Our Homes, Our Health, Our Futures

Abstract painting of a sea of houses depict a dense neighborhood seen from an arial view; roofs are yellows, oranges, deep reds and maroons, with splashes of pink and blue for windows and trim.
After many years of successful work on health and housing, HIP is scaling up and formalizing our Housing Justice Program to meet the moment.

Announcing HIP’s new Housing Justice Program

At HIP, after many years of successful work on health and housing, we’re scaling up and formalizing our Housing Justice Program to meet this moment. We’re guided by two truths that the pandemic further underscored — lessons that I believe our field needs to build a drumbeat around:

1. When we keep our families and neighbors stably housed, we save lives.

States that kept their eviction moratoria in place had half the infections and one fifth of the deaths of those that lifted them. And newer research indicates that beyond preventing COVID infections, emergency pandemic housing protections improved mental health outcomes, food security, self-reported health, and racial health equity. When we pass policies to keep people stably housed on a mass scale, we save lives and improve health. Full stop.

2. When we choose to, we can do what we need to to protect each other.

Even when it is difficult and challenges the immense political power of the real estate industry or the racism rooted so deeply in our housing policies. Organizers fought for and won emergency pandemic housing protections that kept many millions of us safe. Many of these protections are things that seemed “politically unthinkable” several years ago. Housing justice movements proved that basic housing protections are possible, that they work, and that they save lives. And that grassroots power itself is essential for our collective wellbeing.

Leveraging Public Health to Advance Housing and Health for All

Those of us in the public health field have a crucial role to play in framing out housing policy decisions with this question. In leveraging all our knowledge, political power, data, resources and skills to help make housing a basic right for all people. And in sharing and building our power with grassroots movements.

Our Focus

Starting this year, we’ll be narrowing our focus and energies to take on just a few broad campaigns at a time. We’ll be working trans-locally, pursuing research, organizing, and other strategies that are grounded in specific local/state struggles, but serve to cross-pollinate, amplify, and support movements across place–aiming to move the national conversation about what is necessary and possible.

  • Expanding Renters’ Rights, such as baseline tenant protections like rent control, just eviction, etc.
  • Advancing Community Stewardship to take land and housing permanently off the speculative market, and into community stewardship through land trusts, limited equity cooperatives, public housing, social housing, and other models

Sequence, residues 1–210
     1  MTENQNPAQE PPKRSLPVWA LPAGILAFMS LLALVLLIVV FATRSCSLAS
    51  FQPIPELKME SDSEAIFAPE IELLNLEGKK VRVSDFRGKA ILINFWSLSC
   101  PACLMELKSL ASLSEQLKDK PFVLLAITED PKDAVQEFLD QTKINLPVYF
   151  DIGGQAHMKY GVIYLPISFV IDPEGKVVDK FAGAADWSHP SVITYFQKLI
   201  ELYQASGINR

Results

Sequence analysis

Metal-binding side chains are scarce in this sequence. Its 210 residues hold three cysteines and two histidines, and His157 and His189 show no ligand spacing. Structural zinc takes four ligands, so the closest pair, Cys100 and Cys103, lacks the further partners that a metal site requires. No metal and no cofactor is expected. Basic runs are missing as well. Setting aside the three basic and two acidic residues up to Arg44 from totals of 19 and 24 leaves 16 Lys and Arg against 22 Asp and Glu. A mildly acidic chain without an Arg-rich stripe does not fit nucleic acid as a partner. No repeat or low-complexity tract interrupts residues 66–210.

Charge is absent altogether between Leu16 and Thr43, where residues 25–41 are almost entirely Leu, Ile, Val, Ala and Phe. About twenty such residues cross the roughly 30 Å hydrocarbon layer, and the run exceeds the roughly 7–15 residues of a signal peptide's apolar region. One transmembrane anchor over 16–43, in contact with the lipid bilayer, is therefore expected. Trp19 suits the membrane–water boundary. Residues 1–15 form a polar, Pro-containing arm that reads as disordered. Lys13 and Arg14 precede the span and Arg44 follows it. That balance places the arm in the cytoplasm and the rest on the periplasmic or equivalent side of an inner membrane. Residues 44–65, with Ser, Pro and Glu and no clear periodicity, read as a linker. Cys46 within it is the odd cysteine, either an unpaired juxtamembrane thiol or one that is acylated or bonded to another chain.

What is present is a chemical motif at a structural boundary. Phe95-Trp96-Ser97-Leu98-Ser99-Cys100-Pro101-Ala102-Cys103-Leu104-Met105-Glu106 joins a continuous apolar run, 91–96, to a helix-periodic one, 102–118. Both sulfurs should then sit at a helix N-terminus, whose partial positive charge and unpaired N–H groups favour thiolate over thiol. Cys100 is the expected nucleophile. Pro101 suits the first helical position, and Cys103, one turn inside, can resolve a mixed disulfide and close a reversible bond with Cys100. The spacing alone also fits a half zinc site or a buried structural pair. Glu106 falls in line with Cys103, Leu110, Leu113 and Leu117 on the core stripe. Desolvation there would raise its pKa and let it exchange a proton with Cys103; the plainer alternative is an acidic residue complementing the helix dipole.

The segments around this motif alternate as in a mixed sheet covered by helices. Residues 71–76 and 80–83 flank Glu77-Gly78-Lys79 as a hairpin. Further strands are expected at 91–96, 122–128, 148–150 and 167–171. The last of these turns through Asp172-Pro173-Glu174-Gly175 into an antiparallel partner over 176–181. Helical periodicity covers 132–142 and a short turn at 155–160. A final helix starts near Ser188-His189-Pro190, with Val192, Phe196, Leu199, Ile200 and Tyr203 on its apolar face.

Our Framework

We will approach this work through lenses of racial and climate justice, recognizing how inextricably linked our homes and neighborhoods are to racial reckoning and liberation, and the necessity of stopping climate change and adapting to the storms, fires, and heat waves that increasingly threaten us and our homes. In subsequent years, we will deepen work on these areas.

Our Strategies

We’re doubling down on what we’ve heard is working, in particular our strong research partnerships with housing justice organizations. We also know that the existing research linking housing and health is already strong, so we’ll be expanding our work to make these connections common knowledge, and positioning public health practitioners to be strong spokespeople for housing justice.

Radical uncertainty, radical possibility

Ellie is just about to turn three. When she moves into her first apartment, I want her to live in a world where she knows she won’t have to skip meals to pay rent and that she won’t be arbitrarily forced to leave. I don’t want her to ever worry about lead in her children’s blood, smoke in their lungs, or mold in the walls. I think we can get there. Some systemic shifts take many decades. Others come pouring down like rain.

Learn more about HIP’s Housing Justice Program

  • Housing and Health for All: A Research and Communications Toolkit for COVID-19 and Beyond — Check out our latest Housing Justice research and communications toolkit for advocates to leverage public health data for long-term housing justice. The toolkit includes research-based talking points that you use to bolster the ongoing shared work of housing and health sectors’ advocacy in building a more just and healthy future.
  • Connect with us! Are you a public health practitioner trying to figure out your best role in housing justice? A health department who is housing-curious? An organizer who needs some data or backup at an upcoming city council meeting? Get in touch! This work needs all of us, and we’d love to strategize, campaign, research, and win alongside you. Contact me at will@humanimpact.org.



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Human Impact Partners

Human Impact Partners


Bringing the power of public health to campaigns and movements for a just society